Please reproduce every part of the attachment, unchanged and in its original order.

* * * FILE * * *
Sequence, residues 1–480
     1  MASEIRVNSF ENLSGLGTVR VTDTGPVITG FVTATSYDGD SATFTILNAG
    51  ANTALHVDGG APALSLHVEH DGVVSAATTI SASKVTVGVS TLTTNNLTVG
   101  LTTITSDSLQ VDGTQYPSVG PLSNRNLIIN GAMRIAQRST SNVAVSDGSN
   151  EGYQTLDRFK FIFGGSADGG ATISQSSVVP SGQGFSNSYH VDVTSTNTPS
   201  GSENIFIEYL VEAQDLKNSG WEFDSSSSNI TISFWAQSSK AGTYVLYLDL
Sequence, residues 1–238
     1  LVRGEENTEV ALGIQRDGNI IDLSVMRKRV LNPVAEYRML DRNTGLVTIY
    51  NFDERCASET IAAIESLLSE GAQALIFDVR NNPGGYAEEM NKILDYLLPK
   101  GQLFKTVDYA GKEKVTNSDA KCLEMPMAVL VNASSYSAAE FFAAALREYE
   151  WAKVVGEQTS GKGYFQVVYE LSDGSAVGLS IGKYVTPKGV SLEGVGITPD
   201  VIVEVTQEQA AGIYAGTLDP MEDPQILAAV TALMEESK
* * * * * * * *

Sequence, residues 1–480
     1  MASEIRVNSF ENLSGLGTVR VTDTGPVITG FVTATSYDGD SATFTILNAG
    51  ANTALHVDGG APALSLHVEH DGVVSAATTI SASKVTVGVS TLTTNNLTVG
   101  LTTITSDSLQ VDGTQYPSVG PLSNRNLIIN GAMRIAQRST SNVAVSDGSN
   151  EGYQTLDRFK FIFGGSADGG ATISQSSVVP SGQGFSNSYH VDVTSTNTPS
   201  GSENIFIEYL VEAQDLKNSG WEFDSSSSNI TISFWAQSSK AGTYVLYLDL
Sequence, residues 1–238
     1  LVRGEENTEV ALGIQRDGNI IDLSVMRKRV LNPVAEYRML DRNTGLVTIY
    51  NFDERCASET IAAIESLLSE GAQALIFDVR NNPGGYAEEM NKILDYLLPK
   101  GQLFKTVDYA GKEKVTNSDA KCLEMPMAVL VNASSYSAAE FFAAALREYE
   151  WAKVVGEQTS GKGYFQVVYE LSDGSAVGLS IGKYVTPKGV SLEGVGITPD
   201  VIVEVTQEQA AGIYAGTLDP MEDPQILAAV TALMEESK